Brits Star in Superhero Movies

Posted by on February 2nd, 2011 at 11:00 AM

There’s going to be another attempt at a Superman series, and Spider-Man has been recast. The two new actors are both British, as is Christian Bale, of course. So the three best-known superheroes are all going to be played by Brits. A columnist for the Guardian discusses the development.

The piece has lots of all-cap words and exclamation points, and a frenetic, raddled facetiousness that replaces thought and humor. So go ahead and read it.

update, Guardian columnist David Mitchell caveats:

It turns out that Garfield was born in Los Angeles and has dual citizenship, Cavill is from Jersey, not the new one but it still isn’t part of the UK, and Bale largely grew up in Hollywood. …

Still, they’re a bit British – they’re British-influenced. Cavill was in The Tudors and went to Stowe School, Garfield’s been on Channel 4, and not just in a Frasier repeat, and Bale was born in Wales. He’s slightly Welsh and you can’t get more English than that, unless he was also a quarter Scottish with an Irish great grandparent. So it’s still something, right?

Next he provides some grim analysis:

This is how Charles Gant, film editor of Heat, explains the new global reality: “Superman, Batman and Spider-Man might be American icons, but the primary revenue streams for these films are outside America.” The important demographic, our future Asian paymasters, neither care about nor discern the difference between Britons and Americans. If Cavill’s American accent’s a bit shaky, they won’t give a damn. …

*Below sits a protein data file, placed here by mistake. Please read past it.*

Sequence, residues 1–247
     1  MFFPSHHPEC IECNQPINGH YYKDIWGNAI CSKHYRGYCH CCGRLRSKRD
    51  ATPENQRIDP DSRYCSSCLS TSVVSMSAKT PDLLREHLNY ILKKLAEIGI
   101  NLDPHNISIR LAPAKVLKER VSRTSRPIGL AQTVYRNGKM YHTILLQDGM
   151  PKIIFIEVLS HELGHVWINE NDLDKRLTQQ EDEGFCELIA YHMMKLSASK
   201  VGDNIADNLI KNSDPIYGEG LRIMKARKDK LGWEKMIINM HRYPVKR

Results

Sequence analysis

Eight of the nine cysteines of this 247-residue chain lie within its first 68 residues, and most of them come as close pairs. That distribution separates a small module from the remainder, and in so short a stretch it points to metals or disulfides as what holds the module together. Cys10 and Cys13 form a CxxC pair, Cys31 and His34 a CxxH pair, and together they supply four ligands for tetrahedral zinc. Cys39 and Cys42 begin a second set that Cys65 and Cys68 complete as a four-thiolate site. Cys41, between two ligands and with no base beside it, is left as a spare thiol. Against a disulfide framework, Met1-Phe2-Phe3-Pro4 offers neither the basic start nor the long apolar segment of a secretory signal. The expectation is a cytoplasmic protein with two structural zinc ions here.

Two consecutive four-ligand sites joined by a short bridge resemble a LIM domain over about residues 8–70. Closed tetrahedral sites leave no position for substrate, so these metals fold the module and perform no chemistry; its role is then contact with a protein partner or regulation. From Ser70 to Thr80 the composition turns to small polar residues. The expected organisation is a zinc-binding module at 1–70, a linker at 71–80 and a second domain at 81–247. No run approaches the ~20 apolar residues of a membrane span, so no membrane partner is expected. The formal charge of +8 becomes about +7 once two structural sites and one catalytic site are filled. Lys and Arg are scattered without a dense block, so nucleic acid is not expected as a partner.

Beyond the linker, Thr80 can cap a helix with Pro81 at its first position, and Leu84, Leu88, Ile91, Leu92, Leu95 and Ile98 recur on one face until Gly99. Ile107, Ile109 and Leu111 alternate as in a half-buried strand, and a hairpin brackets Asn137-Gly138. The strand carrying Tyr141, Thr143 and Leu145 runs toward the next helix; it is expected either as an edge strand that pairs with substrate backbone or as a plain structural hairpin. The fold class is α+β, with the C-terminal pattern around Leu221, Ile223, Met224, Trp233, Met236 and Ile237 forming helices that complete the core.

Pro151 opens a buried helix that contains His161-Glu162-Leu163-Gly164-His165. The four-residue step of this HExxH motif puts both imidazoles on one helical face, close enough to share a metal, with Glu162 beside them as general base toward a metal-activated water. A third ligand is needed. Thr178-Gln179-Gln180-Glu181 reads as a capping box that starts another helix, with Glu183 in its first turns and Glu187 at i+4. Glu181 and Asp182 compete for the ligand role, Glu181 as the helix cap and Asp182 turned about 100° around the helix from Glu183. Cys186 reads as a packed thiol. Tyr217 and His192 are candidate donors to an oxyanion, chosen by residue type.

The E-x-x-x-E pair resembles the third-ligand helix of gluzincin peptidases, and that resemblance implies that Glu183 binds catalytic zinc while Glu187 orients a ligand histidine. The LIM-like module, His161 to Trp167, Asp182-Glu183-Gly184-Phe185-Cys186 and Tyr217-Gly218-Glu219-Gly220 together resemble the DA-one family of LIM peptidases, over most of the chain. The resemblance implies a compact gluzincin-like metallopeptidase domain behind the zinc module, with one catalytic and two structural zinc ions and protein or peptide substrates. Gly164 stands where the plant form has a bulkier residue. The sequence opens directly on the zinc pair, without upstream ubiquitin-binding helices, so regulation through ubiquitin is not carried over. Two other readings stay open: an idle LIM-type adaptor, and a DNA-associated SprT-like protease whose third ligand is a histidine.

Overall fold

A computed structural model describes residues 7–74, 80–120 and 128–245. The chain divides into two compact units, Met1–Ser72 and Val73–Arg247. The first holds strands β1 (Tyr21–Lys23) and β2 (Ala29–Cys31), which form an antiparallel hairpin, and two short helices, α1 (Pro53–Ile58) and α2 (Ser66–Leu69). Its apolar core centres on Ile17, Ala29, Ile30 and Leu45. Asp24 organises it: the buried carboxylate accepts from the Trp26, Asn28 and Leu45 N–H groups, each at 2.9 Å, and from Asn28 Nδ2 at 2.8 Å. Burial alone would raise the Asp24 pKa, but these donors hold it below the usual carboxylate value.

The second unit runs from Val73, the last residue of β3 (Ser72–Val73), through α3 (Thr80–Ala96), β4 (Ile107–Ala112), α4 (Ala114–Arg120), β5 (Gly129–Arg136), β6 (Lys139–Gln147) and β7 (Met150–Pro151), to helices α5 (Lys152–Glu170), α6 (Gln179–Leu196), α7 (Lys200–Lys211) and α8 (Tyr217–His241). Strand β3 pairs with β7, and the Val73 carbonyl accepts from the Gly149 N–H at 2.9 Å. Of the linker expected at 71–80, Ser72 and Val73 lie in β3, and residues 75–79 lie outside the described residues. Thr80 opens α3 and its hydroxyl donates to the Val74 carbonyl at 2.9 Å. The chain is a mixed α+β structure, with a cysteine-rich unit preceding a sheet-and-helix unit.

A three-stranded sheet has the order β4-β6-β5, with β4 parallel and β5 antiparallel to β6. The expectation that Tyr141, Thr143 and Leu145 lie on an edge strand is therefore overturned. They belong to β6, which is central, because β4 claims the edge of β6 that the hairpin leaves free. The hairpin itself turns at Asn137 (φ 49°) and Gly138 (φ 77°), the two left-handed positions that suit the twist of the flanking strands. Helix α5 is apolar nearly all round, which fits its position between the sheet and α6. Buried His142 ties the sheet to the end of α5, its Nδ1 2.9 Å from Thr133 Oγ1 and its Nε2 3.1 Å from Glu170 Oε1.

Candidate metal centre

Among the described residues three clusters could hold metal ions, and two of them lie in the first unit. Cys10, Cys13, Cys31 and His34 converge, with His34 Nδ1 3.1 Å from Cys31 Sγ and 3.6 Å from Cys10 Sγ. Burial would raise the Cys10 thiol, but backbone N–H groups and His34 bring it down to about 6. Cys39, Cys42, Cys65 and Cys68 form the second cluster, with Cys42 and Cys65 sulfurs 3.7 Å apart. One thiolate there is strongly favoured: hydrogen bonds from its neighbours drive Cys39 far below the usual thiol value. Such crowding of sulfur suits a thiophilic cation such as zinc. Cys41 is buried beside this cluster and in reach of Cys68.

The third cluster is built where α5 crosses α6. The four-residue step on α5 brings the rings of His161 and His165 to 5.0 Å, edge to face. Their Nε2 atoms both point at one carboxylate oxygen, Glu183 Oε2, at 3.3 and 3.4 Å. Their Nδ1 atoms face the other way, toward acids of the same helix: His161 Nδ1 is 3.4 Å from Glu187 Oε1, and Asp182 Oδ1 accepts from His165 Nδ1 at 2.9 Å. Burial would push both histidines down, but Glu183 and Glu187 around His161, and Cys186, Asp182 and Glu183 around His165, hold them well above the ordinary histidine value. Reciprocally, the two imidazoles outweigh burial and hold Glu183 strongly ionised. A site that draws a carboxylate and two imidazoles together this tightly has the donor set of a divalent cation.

The British are the new Canadians. We’re not taking over American culture, we’re being absorbed by it, and at the very moment when its influence is starting to wane.

Of course the Charles Gant quote doesn’t say anything about Asians, but a provocative tweaker of settled opinion isn’t bothered by that sort of thing. Op-ed columnists in Britain all sound like the same bright 15-year-old whose parents think he’s entertaining their dinner guests.

update, Matthew Yglesias retraces the history of Superman’s immigration status. His account of the court ruling that rendered Superman legal reminds us of Weisinger’s special touch. Apparently the Supreme Court determined that “since he was transported to the planet earth in a kind of artificial womb, he’s actually a natural born citizen of the United States of America.” Sure, a fully viable infant in a metal vehicle is basically an embryo in the womb.

The occasion for the Yglesias post, and for the Guardian column up above, is the alleged fuss being made about the casting of a Brit as Superman. I say alleged because I haven’t looked at any of the sites where such a fuss might logically be found. But I have a horrible feeling the claim is true. Fanboys love to get worked up and there are so many people on the Internet. At least a few must be willing to pitch in and yowl.

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